In South Africa, with very rapid growth in renewables, one thing we do not need is an unreliable transmission network. If we do not focus closely on where new power sources are going to appear, plan ahead for expanding the network and ensure that new capacity fits in, we will see the sort of problems that were experienced by the UK rail network and the Australian power grid.
Whether or not André de Ruyter is right about Eskom corruption, the State Capture report confirms the general problem, as do numerous other instances of failing state-owned enterprises and branches of government.
What I want to focus on here is the plan to split Eskom into separate companies handling distribution, transmission and generation. De Ruyter offered this idea to the government before being offered the CEO job and it had been floating around before his time. This is one plan that he backed that is still on the agenda, and it's an awful idea.
First, terminology. Transmission is long-range power transmission over very high-voltage lines -- up to hundreds of thousands of volts -- which is more efficient than lower voltage. Distribution is closer to home, where the voltage starts getting stepped down until it is in the range of 220-240V.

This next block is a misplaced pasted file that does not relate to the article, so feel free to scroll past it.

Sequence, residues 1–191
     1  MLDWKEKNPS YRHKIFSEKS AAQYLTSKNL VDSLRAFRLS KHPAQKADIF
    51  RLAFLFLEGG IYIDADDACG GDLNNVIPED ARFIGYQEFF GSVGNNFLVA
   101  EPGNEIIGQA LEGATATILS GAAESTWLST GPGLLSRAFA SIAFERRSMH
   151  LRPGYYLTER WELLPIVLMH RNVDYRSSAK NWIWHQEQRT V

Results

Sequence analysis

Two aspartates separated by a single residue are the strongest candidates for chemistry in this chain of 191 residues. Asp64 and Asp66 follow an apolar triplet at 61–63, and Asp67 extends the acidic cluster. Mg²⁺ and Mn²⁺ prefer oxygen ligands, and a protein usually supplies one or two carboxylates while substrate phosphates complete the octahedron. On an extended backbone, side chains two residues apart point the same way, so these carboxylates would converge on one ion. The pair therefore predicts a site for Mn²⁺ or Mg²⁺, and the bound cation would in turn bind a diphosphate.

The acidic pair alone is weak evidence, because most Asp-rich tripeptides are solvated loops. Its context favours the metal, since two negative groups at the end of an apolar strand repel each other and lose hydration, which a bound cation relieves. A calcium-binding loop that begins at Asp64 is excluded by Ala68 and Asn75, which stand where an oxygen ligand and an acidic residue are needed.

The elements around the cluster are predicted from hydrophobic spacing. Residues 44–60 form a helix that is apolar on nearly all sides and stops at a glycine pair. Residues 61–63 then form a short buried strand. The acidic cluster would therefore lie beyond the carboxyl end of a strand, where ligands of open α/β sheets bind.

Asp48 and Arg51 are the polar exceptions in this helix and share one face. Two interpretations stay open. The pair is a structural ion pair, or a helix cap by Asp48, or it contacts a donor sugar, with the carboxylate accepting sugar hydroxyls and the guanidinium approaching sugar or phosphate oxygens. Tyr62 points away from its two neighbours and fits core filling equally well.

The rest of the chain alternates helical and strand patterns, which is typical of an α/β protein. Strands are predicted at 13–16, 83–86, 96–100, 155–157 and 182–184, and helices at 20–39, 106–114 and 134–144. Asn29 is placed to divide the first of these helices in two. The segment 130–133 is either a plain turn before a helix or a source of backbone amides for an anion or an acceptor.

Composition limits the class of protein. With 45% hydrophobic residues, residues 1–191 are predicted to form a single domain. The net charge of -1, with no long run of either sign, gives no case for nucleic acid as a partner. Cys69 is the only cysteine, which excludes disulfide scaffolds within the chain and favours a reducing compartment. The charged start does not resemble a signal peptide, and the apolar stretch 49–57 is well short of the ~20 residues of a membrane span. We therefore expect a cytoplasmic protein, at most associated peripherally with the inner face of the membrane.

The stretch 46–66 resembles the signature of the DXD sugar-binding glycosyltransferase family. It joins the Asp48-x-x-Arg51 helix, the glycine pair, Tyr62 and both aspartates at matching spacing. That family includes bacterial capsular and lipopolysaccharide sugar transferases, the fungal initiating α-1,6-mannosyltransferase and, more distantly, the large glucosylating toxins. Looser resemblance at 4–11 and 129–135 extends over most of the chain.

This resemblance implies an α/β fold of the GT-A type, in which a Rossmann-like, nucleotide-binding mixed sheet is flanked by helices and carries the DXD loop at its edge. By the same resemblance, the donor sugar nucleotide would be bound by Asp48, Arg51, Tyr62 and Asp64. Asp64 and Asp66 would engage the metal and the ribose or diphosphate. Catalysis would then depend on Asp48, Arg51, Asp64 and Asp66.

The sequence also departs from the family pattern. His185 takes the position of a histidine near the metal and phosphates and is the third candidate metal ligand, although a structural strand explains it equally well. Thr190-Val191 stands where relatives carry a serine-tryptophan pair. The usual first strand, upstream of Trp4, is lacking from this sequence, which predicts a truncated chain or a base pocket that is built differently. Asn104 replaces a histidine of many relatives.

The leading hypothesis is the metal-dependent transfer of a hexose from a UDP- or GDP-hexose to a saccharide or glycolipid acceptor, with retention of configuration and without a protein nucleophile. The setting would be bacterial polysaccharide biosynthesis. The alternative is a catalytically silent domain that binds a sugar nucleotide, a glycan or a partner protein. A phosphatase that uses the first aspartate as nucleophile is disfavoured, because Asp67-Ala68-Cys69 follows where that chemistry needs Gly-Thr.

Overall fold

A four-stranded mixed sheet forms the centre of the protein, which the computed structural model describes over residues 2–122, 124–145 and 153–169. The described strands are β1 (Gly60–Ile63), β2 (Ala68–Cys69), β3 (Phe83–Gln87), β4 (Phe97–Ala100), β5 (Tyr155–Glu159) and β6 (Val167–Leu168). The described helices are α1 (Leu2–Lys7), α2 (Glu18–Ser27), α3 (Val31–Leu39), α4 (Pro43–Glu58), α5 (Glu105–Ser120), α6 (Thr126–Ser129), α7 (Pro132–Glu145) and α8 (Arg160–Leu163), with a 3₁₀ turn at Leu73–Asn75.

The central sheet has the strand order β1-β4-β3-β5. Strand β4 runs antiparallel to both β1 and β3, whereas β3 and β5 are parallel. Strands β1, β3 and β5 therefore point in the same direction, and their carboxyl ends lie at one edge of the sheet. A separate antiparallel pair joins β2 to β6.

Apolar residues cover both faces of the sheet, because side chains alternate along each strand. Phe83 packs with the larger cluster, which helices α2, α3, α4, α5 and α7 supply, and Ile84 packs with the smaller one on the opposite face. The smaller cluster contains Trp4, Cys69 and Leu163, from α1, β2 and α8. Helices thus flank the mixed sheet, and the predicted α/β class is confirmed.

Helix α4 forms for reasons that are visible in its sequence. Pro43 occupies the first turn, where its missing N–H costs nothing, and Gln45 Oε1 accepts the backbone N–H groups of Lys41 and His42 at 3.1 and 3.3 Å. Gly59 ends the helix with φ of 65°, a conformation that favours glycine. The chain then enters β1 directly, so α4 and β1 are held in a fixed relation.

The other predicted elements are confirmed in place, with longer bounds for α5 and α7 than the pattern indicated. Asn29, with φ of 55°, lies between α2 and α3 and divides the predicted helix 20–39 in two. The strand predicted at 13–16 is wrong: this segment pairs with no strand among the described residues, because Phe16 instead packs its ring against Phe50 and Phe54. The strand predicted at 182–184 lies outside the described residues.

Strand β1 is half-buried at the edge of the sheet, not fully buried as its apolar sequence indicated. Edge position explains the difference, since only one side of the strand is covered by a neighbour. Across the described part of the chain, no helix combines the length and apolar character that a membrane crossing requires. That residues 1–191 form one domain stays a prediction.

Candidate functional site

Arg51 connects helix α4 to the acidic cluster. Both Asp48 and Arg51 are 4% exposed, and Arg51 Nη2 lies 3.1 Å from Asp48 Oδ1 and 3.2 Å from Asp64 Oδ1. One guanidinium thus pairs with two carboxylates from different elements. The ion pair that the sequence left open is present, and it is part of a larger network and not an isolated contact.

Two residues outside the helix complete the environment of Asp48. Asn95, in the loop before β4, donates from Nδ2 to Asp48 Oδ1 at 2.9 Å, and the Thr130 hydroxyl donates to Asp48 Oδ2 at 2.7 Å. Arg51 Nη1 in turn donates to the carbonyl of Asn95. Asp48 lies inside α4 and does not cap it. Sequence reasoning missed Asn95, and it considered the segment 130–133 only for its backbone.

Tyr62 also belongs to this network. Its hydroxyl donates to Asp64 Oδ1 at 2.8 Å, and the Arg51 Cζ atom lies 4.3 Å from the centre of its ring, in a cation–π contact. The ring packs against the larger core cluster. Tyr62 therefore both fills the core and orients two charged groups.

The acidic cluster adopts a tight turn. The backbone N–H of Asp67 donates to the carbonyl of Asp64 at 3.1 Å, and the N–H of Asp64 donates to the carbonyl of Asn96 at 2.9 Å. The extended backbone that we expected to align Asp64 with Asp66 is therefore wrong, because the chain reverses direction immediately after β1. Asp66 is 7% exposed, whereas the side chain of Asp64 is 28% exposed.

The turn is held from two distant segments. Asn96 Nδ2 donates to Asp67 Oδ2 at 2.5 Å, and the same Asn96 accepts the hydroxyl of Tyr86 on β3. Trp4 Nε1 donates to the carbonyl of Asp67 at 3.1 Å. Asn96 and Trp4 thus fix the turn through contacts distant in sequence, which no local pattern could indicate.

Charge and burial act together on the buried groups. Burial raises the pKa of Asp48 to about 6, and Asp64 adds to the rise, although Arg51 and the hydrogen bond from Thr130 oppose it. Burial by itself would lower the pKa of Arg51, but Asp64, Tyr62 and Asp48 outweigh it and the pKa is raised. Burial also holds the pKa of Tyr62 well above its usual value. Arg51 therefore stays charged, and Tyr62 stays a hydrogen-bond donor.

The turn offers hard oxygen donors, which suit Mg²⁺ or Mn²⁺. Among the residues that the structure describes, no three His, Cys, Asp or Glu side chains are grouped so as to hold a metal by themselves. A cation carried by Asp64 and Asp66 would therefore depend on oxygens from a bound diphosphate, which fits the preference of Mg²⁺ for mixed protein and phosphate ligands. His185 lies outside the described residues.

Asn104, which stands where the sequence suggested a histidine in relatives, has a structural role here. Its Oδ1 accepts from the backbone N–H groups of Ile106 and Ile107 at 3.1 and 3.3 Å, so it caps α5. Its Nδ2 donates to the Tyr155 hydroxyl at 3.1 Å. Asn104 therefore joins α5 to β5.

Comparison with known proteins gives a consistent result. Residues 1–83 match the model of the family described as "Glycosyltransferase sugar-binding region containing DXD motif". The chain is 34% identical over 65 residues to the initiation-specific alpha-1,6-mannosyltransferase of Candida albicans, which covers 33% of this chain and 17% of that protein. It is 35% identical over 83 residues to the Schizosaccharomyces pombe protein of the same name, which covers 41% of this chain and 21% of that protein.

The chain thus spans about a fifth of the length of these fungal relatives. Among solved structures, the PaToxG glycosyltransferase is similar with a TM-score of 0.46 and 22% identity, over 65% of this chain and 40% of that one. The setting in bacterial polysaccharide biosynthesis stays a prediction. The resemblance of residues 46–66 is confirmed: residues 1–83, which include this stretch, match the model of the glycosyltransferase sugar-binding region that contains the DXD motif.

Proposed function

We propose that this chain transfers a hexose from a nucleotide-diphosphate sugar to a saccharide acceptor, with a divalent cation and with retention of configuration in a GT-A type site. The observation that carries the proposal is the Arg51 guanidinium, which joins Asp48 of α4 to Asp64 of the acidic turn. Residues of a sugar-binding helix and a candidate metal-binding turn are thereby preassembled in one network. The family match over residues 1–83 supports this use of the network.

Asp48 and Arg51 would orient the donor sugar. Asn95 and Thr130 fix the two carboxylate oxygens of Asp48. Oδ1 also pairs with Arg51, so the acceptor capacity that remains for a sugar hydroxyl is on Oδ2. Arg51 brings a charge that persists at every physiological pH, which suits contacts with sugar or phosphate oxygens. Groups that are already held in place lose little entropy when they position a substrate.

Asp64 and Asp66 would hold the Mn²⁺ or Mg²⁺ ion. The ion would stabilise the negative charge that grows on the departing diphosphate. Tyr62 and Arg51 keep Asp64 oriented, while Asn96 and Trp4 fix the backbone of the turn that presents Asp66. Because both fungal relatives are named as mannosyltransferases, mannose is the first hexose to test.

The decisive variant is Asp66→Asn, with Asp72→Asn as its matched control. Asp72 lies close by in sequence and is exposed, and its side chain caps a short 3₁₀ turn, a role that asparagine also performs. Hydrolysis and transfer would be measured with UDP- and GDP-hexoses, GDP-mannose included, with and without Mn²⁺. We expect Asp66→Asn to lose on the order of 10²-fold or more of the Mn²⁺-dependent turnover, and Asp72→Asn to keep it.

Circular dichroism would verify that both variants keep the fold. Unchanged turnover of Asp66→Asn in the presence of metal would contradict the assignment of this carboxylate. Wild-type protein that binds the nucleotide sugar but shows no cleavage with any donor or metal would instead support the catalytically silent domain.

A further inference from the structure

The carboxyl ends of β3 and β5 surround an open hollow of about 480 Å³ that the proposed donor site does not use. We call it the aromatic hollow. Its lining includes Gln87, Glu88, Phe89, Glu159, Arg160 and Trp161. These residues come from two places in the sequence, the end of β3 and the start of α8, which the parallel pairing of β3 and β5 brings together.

In Eskom's last annual report, the breakdown of maintenance costs is R13.4-billion for generation, R0.8-billion for transmission and R3.6-billion for distribution.
Long-range high-voltage lines are generally pretty reliable and do not need a lot of maintenance, as these numbers show: it amounts to less than 5% of Eskom's 2021-2022 maintenance budget. Distribution is about 20% of the maintenance...